[DC] The Trenchcoat Brigade #1
Writer: John Ney Rieber
Penciler: John Ridgway

I don’t know what’s going on here, but I think maybe it’s a good story. There’s a drunk Russian in the future babbling about how he didn’t mean to blow up the world, or that it wasn’t his fault, or whatever. There’s John Constantine, the Phantom Stranger, Rose/Dr. Occult, and the half-mad Mister E, all trying to prevent the apocalypse, however it happened. They make their familiarity with each other clear, but there’s little in the way of introductions for the reader. I feel as though I’m intruding on a private gathering and should go away until I’ve retroactively known these people for years.


Yotsuba Vol. 2

[ADV] Yotsuba&! Vol. 2

Writer/Artist: Kiyohiko Azuma

More delightful adventures with Yotsuba, the little green-haired girl. In this volume, Yotsuba discovers criticism the hard way. Obviously, I’m a proponent of criticism, but it’s hard to say when and how best it should be delivered. Telling a five-year-old that their crudely drawn picture of a duckie is, in fact, terrible? Probably not a good idea. Of course, Azuma isn’t using this as a forum to argue for or against criticism. It’s all about the wacky hijinks, the hilarious results when Yotsuba’s friends scramble to repair her injured feelings at the cost of honesty.

Then Yotsuba sees a gangster movie and acts out the brutal drama with a squirt gun. It’s pure, unadulterated magic. Imagination and reality clash, and for the most part, imagination wins. In a way, it reminds me of Muppet Babies, except that Yotsuba never "leaves" reality to go into some imaginary world full of costumes and make-believe trains. She’s in the real world the whole time, relying entirely on other people to play along, and although most are surprised at being assaulted by a squirt gun in the middle of the day, it works as well as any fantasy. This is what Yotsuba‘s all about: reminding people that you’re never too old to play, to see the wonder in everyday things.


In further chapters, Yotsuba buys cake, is put in charge of the household for the day, goes to the pool, and catches a frog. There’s also a 99% Yotsuba-free chapter, focusing on her neighbors, the Ayases. It’s a simple story of the eldest returning from a trip with souvenirs for her mother and two younger sisters. From there, events flow naturally. It’s a change of pace from Yotsuba’s manic escapades – some might say it’s boring – but I find it fascinating. You get to look in on a more or less realistic family, except they’re nicer than any family I know. I envy everyone who gets to be a part of Yotsuba’s world. They’re awesome by association.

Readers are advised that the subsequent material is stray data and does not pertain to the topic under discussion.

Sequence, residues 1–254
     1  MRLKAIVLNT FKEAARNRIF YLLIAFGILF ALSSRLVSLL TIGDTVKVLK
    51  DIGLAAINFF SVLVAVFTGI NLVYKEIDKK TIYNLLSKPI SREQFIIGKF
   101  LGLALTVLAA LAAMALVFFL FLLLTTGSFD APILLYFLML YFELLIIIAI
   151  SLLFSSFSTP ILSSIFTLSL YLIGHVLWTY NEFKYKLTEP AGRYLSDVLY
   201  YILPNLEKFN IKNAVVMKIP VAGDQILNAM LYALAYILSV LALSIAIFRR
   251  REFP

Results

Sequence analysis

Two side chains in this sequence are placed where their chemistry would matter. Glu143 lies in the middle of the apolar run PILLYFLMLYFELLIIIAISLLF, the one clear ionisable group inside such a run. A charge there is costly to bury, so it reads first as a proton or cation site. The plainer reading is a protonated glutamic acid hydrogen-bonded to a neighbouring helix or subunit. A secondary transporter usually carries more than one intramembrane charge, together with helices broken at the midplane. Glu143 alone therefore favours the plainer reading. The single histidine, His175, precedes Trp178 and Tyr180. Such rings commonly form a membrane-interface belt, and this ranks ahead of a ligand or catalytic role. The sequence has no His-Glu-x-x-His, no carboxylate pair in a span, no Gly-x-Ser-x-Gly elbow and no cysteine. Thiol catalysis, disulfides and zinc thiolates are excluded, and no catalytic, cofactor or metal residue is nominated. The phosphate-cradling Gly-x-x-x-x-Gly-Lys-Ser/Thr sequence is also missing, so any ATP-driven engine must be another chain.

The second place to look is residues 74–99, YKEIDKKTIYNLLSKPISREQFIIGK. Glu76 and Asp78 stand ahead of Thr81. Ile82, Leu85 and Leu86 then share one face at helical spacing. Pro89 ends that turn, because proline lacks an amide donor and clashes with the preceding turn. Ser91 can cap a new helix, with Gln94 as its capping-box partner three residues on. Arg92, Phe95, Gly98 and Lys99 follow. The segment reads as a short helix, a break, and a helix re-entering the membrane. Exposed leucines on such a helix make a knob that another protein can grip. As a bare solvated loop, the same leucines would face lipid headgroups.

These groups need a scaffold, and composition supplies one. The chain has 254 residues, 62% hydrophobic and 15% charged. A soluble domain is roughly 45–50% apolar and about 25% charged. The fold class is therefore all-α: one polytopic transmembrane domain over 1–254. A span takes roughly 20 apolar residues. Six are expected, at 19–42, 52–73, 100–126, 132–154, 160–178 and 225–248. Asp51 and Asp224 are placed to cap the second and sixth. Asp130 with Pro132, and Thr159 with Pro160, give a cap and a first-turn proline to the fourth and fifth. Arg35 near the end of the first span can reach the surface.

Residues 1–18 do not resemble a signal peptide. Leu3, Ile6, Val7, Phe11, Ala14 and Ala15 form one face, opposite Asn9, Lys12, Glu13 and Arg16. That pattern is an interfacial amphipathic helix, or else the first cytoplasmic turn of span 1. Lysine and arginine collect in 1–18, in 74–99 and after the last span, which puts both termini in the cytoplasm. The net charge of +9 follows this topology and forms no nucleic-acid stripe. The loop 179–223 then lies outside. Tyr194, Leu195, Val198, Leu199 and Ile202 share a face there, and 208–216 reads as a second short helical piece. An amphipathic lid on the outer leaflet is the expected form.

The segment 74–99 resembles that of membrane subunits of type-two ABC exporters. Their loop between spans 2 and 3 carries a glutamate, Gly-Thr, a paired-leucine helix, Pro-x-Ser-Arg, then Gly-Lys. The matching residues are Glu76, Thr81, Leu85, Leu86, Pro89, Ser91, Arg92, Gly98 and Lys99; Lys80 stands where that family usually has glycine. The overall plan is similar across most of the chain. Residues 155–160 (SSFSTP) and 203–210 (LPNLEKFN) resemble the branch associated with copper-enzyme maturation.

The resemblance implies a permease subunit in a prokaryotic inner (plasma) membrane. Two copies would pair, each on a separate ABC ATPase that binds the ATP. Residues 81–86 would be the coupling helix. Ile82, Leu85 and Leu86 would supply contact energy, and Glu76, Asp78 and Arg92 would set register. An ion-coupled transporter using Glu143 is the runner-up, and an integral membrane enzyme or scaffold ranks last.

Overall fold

I’m a writing-first guy but, as with any good comedy, the visual here is equally important. Manga artwork often appears crude, with any effort put into backgrounds and intricately detailed costumes undermined by the lack of detail in the most important area: the face. Azuma uses simple faces, too, but not only does it suit the tone, it doesn’t feel lazy; you can tell a great deal of effort went into the art as a whole, and the faces are uniquely expressive. I wouldn’t have it any other way. Composition is more important than technical skill or anatomical accuracy, as Azuma clearly knows. Case in point: the cover of this volume, which shows Yotsuba walking alongside Fuka, showing off her frog-catching gear. The image contains elements from three separate stories inside, none of which intersect in continuity. There’s Fuka, returning from the store with her bike and purchased goods, from the Yotsuba-free story. Yotsuba herself has her frog-catching gear, which she never encountered Fuka while carrying, and her squirt gun. They did meet while Yotsuba was wielding the gun, but here she has it holstered. So you have three of the seven chapters represented, three separate adventures that don’t directly relate but easily could, two characters who didn’t interact as shown here, but who react to each other as naturally as if it were an excerpt from a specific story. It doubles as a preview of the book and a bonus image. We don’t see it happen, and since Yotsuba’s adventures tend not to repeat, it might not have, but we don’t know that it doesn’t. Anyways, it’s pretty, and sums up the book well without getting too busy.


Young Justice – Magic, politics, and murder. Despite all that, as good as ever.
Blue Beetle – All is well. Sturges can stay.
Street Fighter II – The short backup stories are better than anything from this or the previous four issues.
Supergirl – So mean.
Trenchcoat Brigade – Back again for the very first time?
Yotsuba – Hilarious.